It wasn’t so very long ago that European bureaucrats were so confidently and overwhelmingly convinced that the hassles and expenses of forcibly integrating more and more renewable (read: wind and solar) energies into their various infrastructures were unquestionably worth it — but one major recession and the subsequently ongoing months of stagnation and joblessness later, the tide of popular opinion has already begun to turn the other way. European consumers are largely in a state of outrage as they reap the consequences of the energy policies put in place by their elected officials, coming in the form of costly energy bills that are increasingly comprised of charges, taxes, and subsidies, these days by a rough estimate of about half. Reuters reports:
Europeans are paying the steepest energy bills in four years and face ever higher payments as governments pile on extra charges to help finance a 1 trillion euro ($1.4 trillion) modernisation of Europe’s energy infrastructure. …
Legally binding targets to lower carbon emissions by 2020 mean that energy markets need to become cleaner, but the utilities say they cannot afford to finance the costs, so these will increasingly find their way onto customers’ bills. …
RWE npower, the British unit of German utility RWE , said it expected the share of commodity prices as a component of energy bills to drop to 35 percent in 2020, down from 50 percent three years ago.
“The cost of funding government policies for renewable energy, social support and energy efficiency is increasing faster than any other part of an energy bill,” said Paul Massara, chief executive of RWE npower.
“These initiatives are all important, but consumers need to be aware that delivering them is causing energy costs to increase and will continue to do so for some time.”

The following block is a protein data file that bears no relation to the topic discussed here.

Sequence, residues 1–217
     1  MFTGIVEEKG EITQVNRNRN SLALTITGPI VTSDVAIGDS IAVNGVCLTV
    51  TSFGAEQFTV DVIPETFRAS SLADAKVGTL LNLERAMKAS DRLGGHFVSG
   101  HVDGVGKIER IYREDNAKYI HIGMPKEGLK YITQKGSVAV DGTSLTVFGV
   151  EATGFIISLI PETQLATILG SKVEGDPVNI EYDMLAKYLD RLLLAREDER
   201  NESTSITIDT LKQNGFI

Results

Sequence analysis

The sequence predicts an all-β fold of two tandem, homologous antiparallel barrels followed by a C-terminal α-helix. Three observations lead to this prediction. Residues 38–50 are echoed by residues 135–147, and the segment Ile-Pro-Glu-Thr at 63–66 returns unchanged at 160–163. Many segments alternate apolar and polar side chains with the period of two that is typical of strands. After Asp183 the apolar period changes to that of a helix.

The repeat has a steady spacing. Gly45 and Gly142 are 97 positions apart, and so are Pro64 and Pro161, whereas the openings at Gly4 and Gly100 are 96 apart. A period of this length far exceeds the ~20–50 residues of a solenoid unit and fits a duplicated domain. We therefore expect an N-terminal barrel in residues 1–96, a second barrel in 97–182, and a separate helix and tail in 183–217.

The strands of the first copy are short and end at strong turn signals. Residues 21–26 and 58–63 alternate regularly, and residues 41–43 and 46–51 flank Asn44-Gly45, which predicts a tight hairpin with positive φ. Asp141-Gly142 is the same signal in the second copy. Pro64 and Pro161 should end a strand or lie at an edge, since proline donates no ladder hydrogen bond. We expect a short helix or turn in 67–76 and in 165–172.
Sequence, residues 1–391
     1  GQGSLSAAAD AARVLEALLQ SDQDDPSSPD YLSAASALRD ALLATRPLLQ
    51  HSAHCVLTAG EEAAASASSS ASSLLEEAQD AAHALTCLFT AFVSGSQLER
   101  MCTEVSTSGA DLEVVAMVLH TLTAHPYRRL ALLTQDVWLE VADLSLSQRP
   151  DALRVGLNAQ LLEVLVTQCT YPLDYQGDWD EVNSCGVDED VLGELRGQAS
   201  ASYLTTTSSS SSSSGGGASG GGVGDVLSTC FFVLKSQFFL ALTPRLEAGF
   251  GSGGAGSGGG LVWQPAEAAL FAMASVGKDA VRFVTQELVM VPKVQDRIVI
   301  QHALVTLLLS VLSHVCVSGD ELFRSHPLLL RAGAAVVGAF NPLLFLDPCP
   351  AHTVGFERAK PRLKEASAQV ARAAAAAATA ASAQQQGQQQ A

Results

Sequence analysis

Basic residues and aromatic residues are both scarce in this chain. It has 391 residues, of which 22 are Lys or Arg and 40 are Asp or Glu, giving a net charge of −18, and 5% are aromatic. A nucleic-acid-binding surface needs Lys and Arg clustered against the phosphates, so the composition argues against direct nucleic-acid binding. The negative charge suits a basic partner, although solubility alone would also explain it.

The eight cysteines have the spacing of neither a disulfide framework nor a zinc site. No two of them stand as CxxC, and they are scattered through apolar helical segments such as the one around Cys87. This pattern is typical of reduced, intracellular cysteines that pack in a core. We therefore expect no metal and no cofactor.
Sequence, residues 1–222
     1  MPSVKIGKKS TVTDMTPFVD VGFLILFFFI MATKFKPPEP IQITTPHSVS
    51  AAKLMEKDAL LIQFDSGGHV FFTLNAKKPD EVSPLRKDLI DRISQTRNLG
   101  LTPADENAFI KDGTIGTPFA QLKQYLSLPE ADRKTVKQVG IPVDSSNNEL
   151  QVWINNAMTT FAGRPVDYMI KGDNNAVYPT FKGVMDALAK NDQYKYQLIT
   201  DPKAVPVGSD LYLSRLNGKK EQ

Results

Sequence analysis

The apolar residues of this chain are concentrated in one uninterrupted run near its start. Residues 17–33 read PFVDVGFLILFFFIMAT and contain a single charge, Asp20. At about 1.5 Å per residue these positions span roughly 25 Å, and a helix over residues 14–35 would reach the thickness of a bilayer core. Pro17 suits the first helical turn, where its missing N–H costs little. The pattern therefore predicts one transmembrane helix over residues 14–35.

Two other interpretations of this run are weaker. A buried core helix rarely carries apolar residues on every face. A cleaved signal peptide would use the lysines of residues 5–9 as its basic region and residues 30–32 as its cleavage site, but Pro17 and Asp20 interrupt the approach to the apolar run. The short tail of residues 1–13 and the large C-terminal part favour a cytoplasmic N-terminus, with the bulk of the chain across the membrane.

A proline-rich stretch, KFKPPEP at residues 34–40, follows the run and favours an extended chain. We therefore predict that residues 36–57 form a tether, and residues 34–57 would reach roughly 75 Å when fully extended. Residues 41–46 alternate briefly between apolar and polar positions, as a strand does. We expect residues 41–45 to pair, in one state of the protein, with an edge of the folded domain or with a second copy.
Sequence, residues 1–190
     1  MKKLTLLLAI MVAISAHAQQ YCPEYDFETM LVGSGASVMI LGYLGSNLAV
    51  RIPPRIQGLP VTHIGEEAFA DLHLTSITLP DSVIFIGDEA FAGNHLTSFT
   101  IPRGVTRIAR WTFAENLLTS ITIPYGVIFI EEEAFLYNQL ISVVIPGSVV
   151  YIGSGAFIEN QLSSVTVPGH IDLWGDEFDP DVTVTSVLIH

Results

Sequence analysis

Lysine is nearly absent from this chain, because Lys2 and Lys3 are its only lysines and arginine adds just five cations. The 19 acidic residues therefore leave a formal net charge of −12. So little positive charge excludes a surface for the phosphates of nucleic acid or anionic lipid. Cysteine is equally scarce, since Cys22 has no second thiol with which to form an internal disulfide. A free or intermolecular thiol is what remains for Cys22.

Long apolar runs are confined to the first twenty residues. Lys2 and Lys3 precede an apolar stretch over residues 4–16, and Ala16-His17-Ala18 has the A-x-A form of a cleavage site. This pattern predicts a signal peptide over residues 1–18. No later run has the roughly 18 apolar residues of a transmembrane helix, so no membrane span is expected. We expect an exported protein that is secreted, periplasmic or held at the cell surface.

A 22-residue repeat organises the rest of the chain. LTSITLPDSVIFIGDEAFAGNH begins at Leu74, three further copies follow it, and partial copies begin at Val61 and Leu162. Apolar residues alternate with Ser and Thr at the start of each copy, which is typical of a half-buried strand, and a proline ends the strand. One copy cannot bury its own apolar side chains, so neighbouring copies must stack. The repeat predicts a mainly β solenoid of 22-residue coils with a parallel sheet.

The regressive economic impact of these skyrocketing prices and fees is getting so unavoidably huge that it’s actually becoming politically advantageous to advocate for the reduction of these once-holy green subsides and taxes, if you can believe it, and politicians are started to make promises about rolling back all of these mandates en masse. Reuters also reports on a new statement of retrenchment on the issue on Tuesday, not from individual countries as we’ve already witnessed, but from the European Commission, the message of which amounts to: “EU energy prices will rise unless European governments stick to strict guidelines on when subsidies are justified.”
Following intense political debate and a storm of protest over energy prices, the Commission, the EU executive, is revising rules to guide the European Union’s 28 member states. …
The Commission says the subsidies should be phased out and meanwhile made more flexible. Instead of feed-in tariffs, which are fixed-rate incentives, it favours a “feed-in premium”, which would rise or fall depending on market conditions.
“The ultimate aim of the market is to deliver secure and affordable energy for our citizens and business. Public intervention must support these objectives. It needs to be cost-efficient and be adapted to changing circumstances,” EU Energy Commissioner Guenther Oettinger said in a statement.
“If public interventions are not carefully designed, they can severely distort the functioning of the market and lead to higher energy prices,” the statement added.
Europe is worried that the meager few tenths of a percentage point they have finally achieved in economic growth are going to dip back down for yet another period of extended stagnation and even (triple-dip? quadruple-dip?) recession, and unemployment is still at record highs. Economic growth helps those who help themselves, you know. One wishes the Obama administration would take notice.